Mini Review ARTICLE
The modulation of the cell-cycle: a sentinel to alert the NK cells of dangers
- 1UMR-S 945, Laboratoire Immunité et Infections, INSERM, Paris, France
- 2UMR-S 945, UPMC Université Paris 06, Paris, France
Natural killer (NK) cells are an essential component of innate immunity that provides a rapid response to detect stressed, infected, or transformed target cells. This system is controlled by a balance of inhibitory and activating signals transmitted by a myriad of receptors and their specific ligands. Inhibitory receptors mainly recognize self-MHC class-I molecules, whereas activating receptors, such as natural cytotoxic receptors, NKG2D, and DNAM-1, interact with self-proteins, normally not expressed on the cell surface of healthy cells, but up-regulated by cellular stress or infections and are frequently expressed on tumor cells. In these circumstances, regulatory controls ensure that specific ligands are induced mainly in diseased cells and not in normal cells. Each ligand seems to exhibit some distinct specializations providing broad “coverage” for numerous stresses associated with various diseases. Deregulated cell proliferation is a hallmark of these abnormal situations, and may serve as a sentinel for the elimination of the targets by NK cells. The purpose of this review is to discuss recent implications of cell-cycle to create a warning control system that relays various danger signals via specific ligands to the NK receptor system.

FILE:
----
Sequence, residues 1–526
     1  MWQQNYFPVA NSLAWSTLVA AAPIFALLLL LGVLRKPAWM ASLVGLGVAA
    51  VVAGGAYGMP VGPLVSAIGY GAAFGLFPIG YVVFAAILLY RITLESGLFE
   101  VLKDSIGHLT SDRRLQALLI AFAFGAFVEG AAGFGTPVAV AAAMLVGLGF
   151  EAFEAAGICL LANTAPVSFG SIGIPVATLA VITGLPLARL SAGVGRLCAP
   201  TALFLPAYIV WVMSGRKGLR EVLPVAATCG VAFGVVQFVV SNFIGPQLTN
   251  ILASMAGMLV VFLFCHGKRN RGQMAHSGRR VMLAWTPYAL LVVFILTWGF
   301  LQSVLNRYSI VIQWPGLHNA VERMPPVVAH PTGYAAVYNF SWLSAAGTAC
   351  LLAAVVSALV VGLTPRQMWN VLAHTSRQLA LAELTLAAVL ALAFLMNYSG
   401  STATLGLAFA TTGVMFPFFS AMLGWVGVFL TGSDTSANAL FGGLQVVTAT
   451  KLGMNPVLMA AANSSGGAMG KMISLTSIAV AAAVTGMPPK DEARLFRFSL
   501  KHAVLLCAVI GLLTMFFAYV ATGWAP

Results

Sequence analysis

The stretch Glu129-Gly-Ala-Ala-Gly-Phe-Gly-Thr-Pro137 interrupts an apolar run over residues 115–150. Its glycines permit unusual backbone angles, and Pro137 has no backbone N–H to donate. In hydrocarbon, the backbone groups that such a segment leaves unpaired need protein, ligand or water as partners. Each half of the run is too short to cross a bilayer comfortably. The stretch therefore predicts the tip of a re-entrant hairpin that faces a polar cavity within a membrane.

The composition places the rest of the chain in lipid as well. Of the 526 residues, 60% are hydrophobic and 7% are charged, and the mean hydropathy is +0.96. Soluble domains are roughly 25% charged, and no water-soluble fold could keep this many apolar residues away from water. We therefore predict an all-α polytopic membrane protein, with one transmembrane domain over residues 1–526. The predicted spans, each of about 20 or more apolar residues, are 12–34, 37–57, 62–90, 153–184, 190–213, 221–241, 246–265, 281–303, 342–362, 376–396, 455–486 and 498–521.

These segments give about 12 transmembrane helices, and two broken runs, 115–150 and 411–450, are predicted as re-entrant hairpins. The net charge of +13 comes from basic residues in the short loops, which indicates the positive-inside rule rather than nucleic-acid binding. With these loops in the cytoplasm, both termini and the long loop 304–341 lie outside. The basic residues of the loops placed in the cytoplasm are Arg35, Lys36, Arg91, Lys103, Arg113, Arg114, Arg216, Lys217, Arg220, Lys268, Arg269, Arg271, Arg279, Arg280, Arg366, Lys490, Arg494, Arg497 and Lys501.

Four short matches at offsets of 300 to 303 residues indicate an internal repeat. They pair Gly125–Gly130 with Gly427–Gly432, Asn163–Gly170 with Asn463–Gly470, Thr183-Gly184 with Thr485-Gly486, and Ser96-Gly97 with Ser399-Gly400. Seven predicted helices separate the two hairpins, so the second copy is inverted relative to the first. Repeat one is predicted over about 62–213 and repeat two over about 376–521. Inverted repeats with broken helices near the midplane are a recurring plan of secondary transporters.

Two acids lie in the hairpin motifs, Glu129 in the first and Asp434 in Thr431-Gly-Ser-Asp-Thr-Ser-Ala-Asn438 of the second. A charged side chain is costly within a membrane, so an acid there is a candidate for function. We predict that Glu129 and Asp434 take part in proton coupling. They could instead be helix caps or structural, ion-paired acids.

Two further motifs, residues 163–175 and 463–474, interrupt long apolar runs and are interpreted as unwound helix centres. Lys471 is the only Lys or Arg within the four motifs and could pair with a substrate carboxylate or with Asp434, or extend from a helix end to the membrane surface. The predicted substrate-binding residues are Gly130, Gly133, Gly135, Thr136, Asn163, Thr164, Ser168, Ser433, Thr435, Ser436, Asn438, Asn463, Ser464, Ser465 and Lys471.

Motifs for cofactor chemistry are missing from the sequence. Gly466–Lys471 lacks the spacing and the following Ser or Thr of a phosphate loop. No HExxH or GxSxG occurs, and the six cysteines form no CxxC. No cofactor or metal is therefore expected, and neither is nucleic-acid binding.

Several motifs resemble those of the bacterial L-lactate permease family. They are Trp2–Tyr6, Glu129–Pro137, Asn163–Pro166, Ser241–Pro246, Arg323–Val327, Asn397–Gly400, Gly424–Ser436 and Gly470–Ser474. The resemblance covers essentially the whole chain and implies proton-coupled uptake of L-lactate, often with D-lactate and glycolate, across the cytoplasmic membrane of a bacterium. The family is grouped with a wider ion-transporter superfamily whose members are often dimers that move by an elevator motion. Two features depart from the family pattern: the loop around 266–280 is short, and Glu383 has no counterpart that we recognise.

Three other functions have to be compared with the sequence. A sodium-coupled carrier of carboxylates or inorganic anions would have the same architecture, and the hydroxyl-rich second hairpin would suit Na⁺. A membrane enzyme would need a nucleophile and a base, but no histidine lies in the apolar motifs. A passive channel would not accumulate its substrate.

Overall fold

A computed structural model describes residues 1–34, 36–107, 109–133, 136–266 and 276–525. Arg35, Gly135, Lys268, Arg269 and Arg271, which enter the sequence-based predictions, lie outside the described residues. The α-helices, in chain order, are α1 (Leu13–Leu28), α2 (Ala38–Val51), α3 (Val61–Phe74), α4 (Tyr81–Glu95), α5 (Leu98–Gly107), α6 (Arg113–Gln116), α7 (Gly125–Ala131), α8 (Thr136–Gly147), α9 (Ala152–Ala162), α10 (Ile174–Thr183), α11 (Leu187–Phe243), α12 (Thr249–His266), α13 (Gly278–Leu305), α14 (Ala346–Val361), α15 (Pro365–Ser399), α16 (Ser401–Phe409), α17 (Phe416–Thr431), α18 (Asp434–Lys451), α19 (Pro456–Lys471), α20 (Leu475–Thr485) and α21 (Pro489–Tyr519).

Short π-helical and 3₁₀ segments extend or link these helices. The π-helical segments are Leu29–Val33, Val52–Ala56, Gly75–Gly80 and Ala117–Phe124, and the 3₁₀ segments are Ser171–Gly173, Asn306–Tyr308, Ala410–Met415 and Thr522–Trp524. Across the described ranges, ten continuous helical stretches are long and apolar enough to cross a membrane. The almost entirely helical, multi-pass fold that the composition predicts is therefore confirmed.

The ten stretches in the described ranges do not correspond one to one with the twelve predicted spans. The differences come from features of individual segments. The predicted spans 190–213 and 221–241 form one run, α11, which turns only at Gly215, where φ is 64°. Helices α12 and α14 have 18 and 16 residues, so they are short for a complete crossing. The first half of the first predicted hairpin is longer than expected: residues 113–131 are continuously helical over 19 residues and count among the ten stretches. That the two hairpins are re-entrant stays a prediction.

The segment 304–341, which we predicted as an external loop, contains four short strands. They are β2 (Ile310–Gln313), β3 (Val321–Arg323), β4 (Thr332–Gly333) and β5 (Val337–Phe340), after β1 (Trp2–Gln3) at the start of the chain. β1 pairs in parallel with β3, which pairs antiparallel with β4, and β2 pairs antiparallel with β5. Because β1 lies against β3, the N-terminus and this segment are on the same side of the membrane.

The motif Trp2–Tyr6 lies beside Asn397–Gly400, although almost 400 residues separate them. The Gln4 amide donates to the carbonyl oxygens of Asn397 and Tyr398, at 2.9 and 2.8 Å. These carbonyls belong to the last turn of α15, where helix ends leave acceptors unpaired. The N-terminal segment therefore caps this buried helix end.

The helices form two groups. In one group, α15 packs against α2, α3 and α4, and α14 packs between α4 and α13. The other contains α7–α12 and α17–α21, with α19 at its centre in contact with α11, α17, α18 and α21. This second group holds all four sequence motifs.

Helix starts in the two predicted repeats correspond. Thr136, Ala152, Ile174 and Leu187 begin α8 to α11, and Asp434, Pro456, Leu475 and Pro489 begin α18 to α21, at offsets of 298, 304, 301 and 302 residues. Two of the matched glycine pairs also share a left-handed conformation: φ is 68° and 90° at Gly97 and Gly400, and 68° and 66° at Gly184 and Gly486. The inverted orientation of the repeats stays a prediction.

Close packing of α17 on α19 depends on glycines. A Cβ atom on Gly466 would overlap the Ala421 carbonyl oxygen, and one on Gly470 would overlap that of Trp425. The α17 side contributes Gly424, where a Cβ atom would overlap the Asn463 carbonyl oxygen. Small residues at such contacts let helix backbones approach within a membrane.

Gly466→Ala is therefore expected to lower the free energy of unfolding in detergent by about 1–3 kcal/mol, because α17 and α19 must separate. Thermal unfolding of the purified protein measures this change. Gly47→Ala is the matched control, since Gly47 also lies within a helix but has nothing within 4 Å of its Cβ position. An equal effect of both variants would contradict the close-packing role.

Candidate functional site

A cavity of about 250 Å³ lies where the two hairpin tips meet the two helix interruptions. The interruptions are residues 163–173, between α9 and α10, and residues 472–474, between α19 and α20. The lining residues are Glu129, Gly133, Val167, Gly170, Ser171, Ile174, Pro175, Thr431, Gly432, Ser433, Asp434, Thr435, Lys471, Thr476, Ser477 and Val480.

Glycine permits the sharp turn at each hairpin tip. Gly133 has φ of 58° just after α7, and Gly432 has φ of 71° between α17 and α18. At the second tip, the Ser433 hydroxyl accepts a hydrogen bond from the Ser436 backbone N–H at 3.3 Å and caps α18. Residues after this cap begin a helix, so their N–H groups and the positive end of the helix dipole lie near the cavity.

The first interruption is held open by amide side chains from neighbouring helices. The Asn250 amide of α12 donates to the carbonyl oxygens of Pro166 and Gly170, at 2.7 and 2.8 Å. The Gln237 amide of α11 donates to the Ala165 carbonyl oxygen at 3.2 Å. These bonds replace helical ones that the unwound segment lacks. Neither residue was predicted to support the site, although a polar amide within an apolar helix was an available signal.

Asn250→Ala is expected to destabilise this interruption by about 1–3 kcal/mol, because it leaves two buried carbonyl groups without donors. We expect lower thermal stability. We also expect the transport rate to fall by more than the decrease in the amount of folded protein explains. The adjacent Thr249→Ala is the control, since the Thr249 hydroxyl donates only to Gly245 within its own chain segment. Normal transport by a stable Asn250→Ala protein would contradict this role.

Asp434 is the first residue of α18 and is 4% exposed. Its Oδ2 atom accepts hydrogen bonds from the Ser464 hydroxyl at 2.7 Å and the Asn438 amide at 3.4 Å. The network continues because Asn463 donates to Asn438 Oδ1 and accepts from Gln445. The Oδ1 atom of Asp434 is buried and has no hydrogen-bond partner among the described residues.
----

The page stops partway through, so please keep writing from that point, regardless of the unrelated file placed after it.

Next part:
Natural killer (NK) cells are key components of the innate immune system, known to display strong cytolytic activity against tumor- or virus-infected cells, as well as immunoregulatory functions that influence adaptive immune responses (1, 2). Their functions are regulated by a series of surface receptors transducing inhibitory or activating signals. Inhibitory receptors are mainly represented by killer immunoglobulin-like receptors (KIRs), CD94/NKG2A, and ILT-2; they all recognize self-molecules of the HLA class-I repertoire, constitutively expressed on host cells. To destroy a target, NK cells are also composed of several activating receptors, like NKG2D, DNAX accessory molecule-1 (DNAM-1), an adhesion molecule physically and functionally associated to LFA-1 (Lymphocyte function-associated antigen 1), and the natural cytotoxicity receptors (NCRs; NKp30, NKp44, and NKp46) (3–5). Simultaneous interactions of certain of these activating receptors on NK cells with their specific ligands on the target cells lead to the integration of different intracellular signals, which together both dictate the quality and intensity of the effector NK cell response. The relative contribution of each of the activating receptors to NK cytotoxicity against target cells differs, indicating the existence of specific ligands. Indeed, multiple stress inducible cellular proteins have been identified. The NKG2D ligands comprise the MHC class-I chain related antigens (MIC-A and MIC-B) and the UL16 binding proteins (ULBP-1-6) (5), whereas, DNAM-1 recognizes the poliovirus receptor (PVR) and Nectin-2 (6). The identity of ligands for NCRs is a field of intense investigations; nuclear leukocyte antigen-B-associated transcript 3 (BAT3) factor, which is released from tumor cells under stress conditions, and a member of the B7 family, B7-H6, only expressed on tumor cells, both have been identified as cellular ligands for NKp30 (7, 8). Concomitantly, we have recently identified a cellular ligand of NKp44, called NKp44L, which is a novel isoform of the mixed-lineage leukemia-5 (MLL5) protein, expressed on a large panel of the tumor and transformed cells, and induced during Human immunodeficiency virus 1 (HIV-1) infection (9, 10). These virus-, stress-, or transformation-inducible ligands are normally not expressed on the cell surface of cells from healthy individuals, although in certain conditions high level of ligands can be found in healthy cells, such PVR on vascular endothelial cells (11), or NKp44L on articular chondrocytes (12). This suggests however, that small changes in their cell-surface profile may significantly influence the susceptibility of these targets to the NK cells. This is consistent with the idea that their expression needs to be regulated at different levels, including epigenetic, transcriptional, and posttranscriptional mechanisms. These levels of regulation may serve as serial checkpoints to ensure that ligands are induced only in diseased cells and not in normal cells. To date, however, this phenomenon is only partially understood. Recent insights in this field suggest that cell-cycle progression could be used as an endogenous indicator for potential danger for limiting tumor growth and viral replication. The cell-cycle machinery is distinguished by a series of coordinated events essential to ensure faithful DNA replication and segregation of replicated chromosomes into two separate cells. Replication of DNA occurs during the S phase. The S phase is preceded by the G1 phase during which the cell is preparing for DNA synthesis. The active replication of the chromosomes occurs during the S phase. Subsequently, the cells enter a further G2 gap period, prior to chromosome segregation and cytokinesis in M phase (mitosis), followed by an immediate re-entry into G1 (Figure 1) (13, 14). Cells in G1 can, before commitment to DNA replication, enter a quiescent state, called G0, when they have reversibly withdrawn from the cell-division cycle in response to high cell density, mitogen deprivation or some other stress situations. Alternatively, the cells may irreversibly withdraw from the cell-cycle into terminally differentiated or senescent states. Progression through each cell-cycle phase and transition from one phase to the next are monitored by specific checkpoints, which maintain the correct order of events (15). If these sensors detect aberrant or incomplete cell-cycle events (e.g., DNA damage), checkpoint pathways carry a signal that can trigger cell-cycle arrest until the problem is solved (16, 17). These checkpoints are governed by a tight relationship of specific cyclin-dependent kinase (CDK), and their associated inhibitor partners of the Cip/Kip family proteins (p21, p27, p57), which can reversibly halt cell-cycle progression (Figure 1) (18). In addition, different protein kinases are specific to DNA damage, like ataxia-telangiectasia-mutated (ATM), ataxia, and rad3 related (ATR). These kinases phosphorylate p53 in response to DNA damage, resulting in p21 blocking the cell-cycle, at least at the G1/S checkpoint (19). Failure of the checkpoints to arrest the cell-cycle may result in genetic instability, contributing to uncontrolled proliferation implicated in cancer development and viral replication. Mitogens release the brakes of cell-cycle progression by stimulating G1/S CDK activities, which trigger the phosphorylation of retinoblastoma tumor suppressor gene product (pRb) proteins, leading to disruption of their interaction with the E2F family of transcription factors, which play a crucial role in the control of the cell-cycle (Figure 1) (20).